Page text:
Lila L. Pinord was born and raised in a small Native American fishing village. Many of her stories reflect this Indian way of life. Her first book, Skye Dancer was published in 2003. Since then Evil Lives in Blue Rock and Min's Monster were published. IN TIME, her latest, is an Urban Fantasy, is now on the market.
For me the experience of reading Skye Dancer was akin to sitting around a campfire listening to someone tell a good story. Not a particularly warm and cozy story although there is some warm and cozy in it. But not a particularly scary story, either, although there are some scary scenes. No, I'd call it a particularly "creepy" story. Yes. Creepy.
See, there are people, innocent folks, in and around the little Native American fishing village on the coast of Washington state who are turning up missing or, worse, dead. Skye Dancer's mother was one of the unfortunate victims. But why? What happened? Who dunnit? There seemed to be no end to the possible suspects.
For example, what about that mysterious old man living out in the dense, damp, rain-soaked woods near the village? Who is that burly, old stranger out there that some have come to know simply as "the prospector"? Is he really a prospector? And could there be some connection between him and the unexplained deaths? Or is it all due to something else? This is, after all, the region known for its reports of Bigfoot, the Sasquatch, not to mention the strange and dreaded creature of local legend known as the Tsiatco, or "Stick Injun" that preys on young women. And then there's the serene but, some say, haunted Lake Odawa. Could there be something in the lake? Hmm...?
And what about that beautiful Native American girl, Skye Dancer? What is the meaning behind her eerie visions? Oh, and did I mention the pit? The creepy, deep, dark pit up on Wolf's Head Mountain? What... or who... is in there? And does it have anything to do with Skye?
Lila Pinord brings the Pacific Northwest setting to life in this beautifully crafted novel. In the small Native American community at Lake Odawa, everyone knows everyone else. Even the old prospector who moves to the area eventually becomes known around town as the years pass. He's a harmless old fellow who buys milkshakes for the children. Lake Odawa seems a typical small town. People hunt, fish, enjoy the magnificent outdoors, and quietly go about their lives in a seemingly idyllic setting. Of course, there are ghosts and legends. And stories about people who have gone missing over the years.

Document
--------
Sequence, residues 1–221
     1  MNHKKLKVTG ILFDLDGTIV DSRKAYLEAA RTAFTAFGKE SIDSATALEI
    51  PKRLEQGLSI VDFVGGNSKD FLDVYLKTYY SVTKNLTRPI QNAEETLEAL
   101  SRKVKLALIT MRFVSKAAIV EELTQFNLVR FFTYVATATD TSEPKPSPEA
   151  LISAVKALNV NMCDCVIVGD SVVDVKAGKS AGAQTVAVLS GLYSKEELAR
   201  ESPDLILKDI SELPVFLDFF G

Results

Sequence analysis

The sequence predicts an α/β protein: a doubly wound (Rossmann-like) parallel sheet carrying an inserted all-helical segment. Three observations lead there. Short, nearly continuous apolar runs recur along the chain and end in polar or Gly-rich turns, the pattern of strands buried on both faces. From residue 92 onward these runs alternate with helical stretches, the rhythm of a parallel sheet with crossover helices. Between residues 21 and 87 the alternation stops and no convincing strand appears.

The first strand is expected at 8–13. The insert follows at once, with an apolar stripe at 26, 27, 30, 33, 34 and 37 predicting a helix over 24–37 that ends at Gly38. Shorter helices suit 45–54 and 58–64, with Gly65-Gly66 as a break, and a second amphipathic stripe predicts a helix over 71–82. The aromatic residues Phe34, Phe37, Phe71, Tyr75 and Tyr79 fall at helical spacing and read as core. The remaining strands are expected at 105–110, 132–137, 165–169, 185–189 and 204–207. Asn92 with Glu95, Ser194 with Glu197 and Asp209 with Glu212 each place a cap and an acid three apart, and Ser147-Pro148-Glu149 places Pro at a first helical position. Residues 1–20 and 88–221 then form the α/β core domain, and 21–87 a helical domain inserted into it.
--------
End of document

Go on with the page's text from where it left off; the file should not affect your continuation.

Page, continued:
At the beginning of the story, it seems as though the locals take the disappearances in stride. After all, they are in a wilderness setting where danger can lurk in the middle of nature's beauty. And people might decide to move and not say where they're going. But then bodies start turning up and it's apparent the victims have been ambushed and brutally murdered.
The suspense starts slowly, draws you in, and then builds to a point where you can't put the book down. The characters seem real and once you learn the plight of Jessie and Summer Dancer, you will have to follow Skye Dancer as she risks her life to come to the rescue.
take... one part of a picture book - like description from someone who is obviously in close contact with Mother Nature, two parts of devilish wrong doings, experienced and vividly explained by blood related women, three parts of instances where the native American gift of `envisioning' adds to the mystery, four parts of cold blooded killings from a man who calls himself a ...WHAT?...a Prospector... and countless parts of spine tingling chills and you end up with a wonderful, scary, well told tale.
I might be off here or there on my measurements but let me tell you; the ingredients are what count. In Skye Dancer, Lila L. Pinord has brought together the right recipe for a story I can only describe with words previously used by reviewers: creepy and hair - raising.
I enjoyed this tale very much, however; and I can NOT recommend it to be read....in the dark with JUST a reading light...
The Boogey-Man abounds in every culture, & Lila L. Pinord, born & raised in the Quinault Indian Reservation at Queets in Western Washington, has taken the essences of the wild man of the woods & Tsiatco (Sasquatch) & woven a taut, terrifying, lyrical & redemptive tale that will make going into your neck of the woods much more hair-raising!SKYE DANCER is one of RebeccasReads best of the year!
Skye Dancer is a beautiful and lush landscape full of dazling imagry mixed in a fast paced indian murder mystery. Not previously knowing Ms. Pinord is Native American really added to the knowedlge base offered. It was clear she knew exactly what she was talking about, and her words created a emotion with every word.
She also cleverly crafts the creepest character to hit the written word in years, Charlie Crane. As you learn more about him, the more you feel the evil his essance gives off. Not a feat too many authors can accomplish. But Ms. Pinord seems to do this flawless and with ease.
This book exceeded any and all Tony Hillerman books on the market. A book that should grace everyone's book shelf.